We habitually wake up in the morning, get out of bed, eat, breathe, sleep. We habitually do what we do, whether that be school or work or cross-stitching or mahjong.
As much as we like to think we are free-minded, independent creatures making conscious decisions at every step, we are not. We are creatures of habit.
In the book “Habit: The 95% of Behavior Marketers Ignore,” Neale Martin tackles the difference between the executive brain, which handles conscious decisions, and the lizard brain, which works on autopilot. Most marketers, he says, try to get your attention. Look at these awesome features and benefits! Aren’t these widgets amazing? The goal is to be front-of-mind when your potential customer is ready to buy.
But true success, he argues, doesn’t come from being front-of-mind. It comes from being so embedded in your customers’ habits that they don’t think about the purchase at all.
“Success,” says Martin, “does not come from getting to the marketplace first or from creating the best or cheapest product. Success comes from becoming the unconscious, habitual choice of your customers.” (Emphasis mine.)
For a long time, Microsoft products were a habitual choice. (Martin references this in the book, suggesting that, “Bill Gates is the richest man in the world because learning to use his company’s software habitually became necessary to participate in the modern world.”) Google is a habit. And Facebook, unequivocally, is a habit.
We had habits before the Internet, too. In a recent article on Nieman Lab, Joshua Benton writes, “News consumption before the Internet was built around daily habits -- reading the newspaper at the breakfast table, watching Tom Brokaw every night. It was time-bound (eventually you get to the end of the paper, or ‘Wheel of Fortune’ comes on); it was ritualized; it was constructed around the tenuous overlap between a citizen’s individual interests and the economics of mass-media production and distribution.”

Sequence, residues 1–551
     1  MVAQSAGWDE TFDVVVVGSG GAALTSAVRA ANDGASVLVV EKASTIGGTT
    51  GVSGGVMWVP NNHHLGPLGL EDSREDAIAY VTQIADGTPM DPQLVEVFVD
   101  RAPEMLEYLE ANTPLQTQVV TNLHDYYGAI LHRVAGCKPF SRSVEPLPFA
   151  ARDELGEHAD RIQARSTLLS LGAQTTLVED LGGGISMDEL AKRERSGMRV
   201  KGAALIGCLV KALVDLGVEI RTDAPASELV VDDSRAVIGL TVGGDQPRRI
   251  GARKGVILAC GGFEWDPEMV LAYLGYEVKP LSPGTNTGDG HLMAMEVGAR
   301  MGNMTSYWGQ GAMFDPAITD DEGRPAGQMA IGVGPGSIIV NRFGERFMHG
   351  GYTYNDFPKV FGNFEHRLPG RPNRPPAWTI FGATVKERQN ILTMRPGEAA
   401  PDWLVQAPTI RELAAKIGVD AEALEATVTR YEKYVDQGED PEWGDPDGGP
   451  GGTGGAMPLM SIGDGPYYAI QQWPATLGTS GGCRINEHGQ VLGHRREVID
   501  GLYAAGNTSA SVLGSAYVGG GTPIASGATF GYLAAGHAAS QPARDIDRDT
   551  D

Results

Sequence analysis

We consumed news not because we made a conscious choice on a daily basis to do so, but because we had built habits around its consumption. There were flow-on habits, too: When everyone got their news from the same source, we created habits around discussing it at work or with our friends at a bar.
But, as Benton points out, “The web, the mobile phone, and especially social media broke down those rituals and made news something that snuck into your life irregularly.”
The title of Benton’s article is the question at the heart of it: “If Facebook stops putting news in front of readers, will readers bother to go looking for it?”
Now that Facebook has decided it’s better for us to see more posts from friends than from news publishers, one might be forgiven for assuming we’d go elsewhere for our news.
But that would imply that the consumption of news is the important thing, rather than the habitual behavior around that consumption. Our habit isn’t about the news. It’s about opening the laptop or firing up a tablet or staring at our phone and scrolling through the Newsfeed.
And changing the content isn’t likely to change the habit.
“I don’t think publishers or journalists have ever fully internalized the degree to which, for a majority of people, friends and family content is a perfectly-acceptable-to-excellent substitute for traditional news,” says Benton. I think he’s right.
And if we struggled to have a civil discourse when we all got our news from different sources, what happens when we get no news at all?